The presence of many younger writers in the anthology and at the event seems to be the key aspect of the whole project. Their poetics are quite various and they are at different places in their writing practices and their careers, but they are there (here) in force and are way ready to take over. A number of younger writers are among my close friends and I had a teacher’s (archivist’s, mother's, publisher’s, distributor’s) pride in their power and was reminded of why it is good to show up on the actual scene once in a while.

Bay Poetics is not inclusive and doesn’t really have a poetics other than being experimental. (Poetics being a code word for experimental.) It does constitute, as Stephanie has pointed out, a snapshot of the scene. In that way it seems like an ideal teaching tool. Teaching it would allow students to read younger writers along with their teachers and important influences. The fact that it isn’t complete would allow one to teach books by the not included writers and talk about community. It would be a very different experience from the one I had being taught the New American Poetry in Ron Loewinsohn’s class at Cal in the 70s. The difference is that it feels, as it did on Sunday night, like you can walk right into the book.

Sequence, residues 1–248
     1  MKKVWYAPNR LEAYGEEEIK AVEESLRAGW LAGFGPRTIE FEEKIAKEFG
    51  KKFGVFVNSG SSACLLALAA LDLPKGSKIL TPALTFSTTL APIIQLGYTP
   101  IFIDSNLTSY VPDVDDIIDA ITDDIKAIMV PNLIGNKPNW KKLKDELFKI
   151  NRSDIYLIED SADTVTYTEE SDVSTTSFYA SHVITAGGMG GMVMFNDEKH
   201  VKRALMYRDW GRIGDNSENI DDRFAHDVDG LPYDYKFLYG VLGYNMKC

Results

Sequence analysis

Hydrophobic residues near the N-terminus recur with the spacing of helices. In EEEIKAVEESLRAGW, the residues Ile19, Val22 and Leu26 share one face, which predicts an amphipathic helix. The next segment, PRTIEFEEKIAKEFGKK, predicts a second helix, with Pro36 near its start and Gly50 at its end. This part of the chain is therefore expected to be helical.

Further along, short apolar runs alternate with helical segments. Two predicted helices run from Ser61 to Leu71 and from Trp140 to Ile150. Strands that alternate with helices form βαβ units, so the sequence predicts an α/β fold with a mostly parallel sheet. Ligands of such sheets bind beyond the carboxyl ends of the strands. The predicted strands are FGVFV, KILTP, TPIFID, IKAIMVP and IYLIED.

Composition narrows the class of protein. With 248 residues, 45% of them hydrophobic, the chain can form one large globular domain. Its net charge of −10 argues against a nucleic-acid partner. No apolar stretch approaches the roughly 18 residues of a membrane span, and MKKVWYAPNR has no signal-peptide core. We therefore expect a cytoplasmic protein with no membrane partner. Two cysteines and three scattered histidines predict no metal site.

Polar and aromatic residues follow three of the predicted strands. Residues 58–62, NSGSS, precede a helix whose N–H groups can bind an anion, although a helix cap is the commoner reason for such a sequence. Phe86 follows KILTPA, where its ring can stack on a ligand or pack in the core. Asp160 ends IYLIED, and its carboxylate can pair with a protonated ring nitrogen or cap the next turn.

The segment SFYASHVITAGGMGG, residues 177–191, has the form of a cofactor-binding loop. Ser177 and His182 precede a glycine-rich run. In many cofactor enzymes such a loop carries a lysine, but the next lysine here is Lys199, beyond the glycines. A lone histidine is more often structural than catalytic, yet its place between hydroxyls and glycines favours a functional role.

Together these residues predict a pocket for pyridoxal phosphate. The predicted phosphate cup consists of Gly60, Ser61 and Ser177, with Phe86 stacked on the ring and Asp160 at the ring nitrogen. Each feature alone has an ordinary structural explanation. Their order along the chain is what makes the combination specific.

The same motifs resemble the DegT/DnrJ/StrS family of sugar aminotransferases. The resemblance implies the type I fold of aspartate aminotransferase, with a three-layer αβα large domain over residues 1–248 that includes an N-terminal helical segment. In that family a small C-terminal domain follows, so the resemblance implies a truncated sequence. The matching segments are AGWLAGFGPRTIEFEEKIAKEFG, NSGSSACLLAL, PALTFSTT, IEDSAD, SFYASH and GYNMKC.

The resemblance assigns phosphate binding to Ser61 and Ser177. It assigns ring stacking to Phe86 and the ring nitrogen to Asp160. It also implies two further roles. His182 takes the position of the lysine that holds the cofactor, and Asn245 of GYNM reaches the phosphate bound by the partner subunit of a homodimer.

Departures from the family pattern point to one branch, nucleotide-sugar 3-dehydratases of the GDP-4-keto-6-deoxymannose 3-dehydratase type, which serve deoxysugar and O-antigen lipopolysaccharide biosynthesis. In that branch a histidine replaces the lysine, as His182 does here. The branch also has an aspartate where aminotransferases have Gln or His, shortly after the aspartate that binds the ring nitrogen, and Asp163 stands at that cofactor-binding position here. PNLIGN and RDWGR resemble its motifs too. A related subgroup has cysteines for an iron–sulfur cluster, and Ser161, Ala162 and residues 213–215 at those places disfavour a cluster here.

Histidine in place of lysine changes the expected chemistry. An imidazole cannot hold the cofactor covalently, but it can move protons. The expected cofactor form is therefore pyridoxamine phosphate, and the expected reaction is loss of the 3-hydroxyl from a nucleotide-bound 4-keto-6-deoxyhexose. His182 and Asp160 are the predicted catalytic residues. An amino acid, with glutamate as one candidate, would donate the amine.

Monday, May 22, 2006

Dreaming Bay Poetics 1

Listening to Cynthia Sailers read Norma Cole last night during the celebration of Bay Poetics I was thinking how one thing leads to the other and how the text is really the context for the scene and all that is left of it, though not all that is there in the reading.

There is a confluence of incident and comment. One is in the back while oneself is being read. Or one is at work while reading or writing. The gesture is only itself.

“statement is as statement does Resist repeating on paper, its yellow edge enriched by relief of the victim by the role of the suffering victim Suddenly her voice a phrase precise Hesitancies from sight to mind”

from “Suddenly Hesitancies Quietness," Norma Cole (in the anthology)

Also by Norma:

Wednesday, May 17, 2006

Standard Schaefer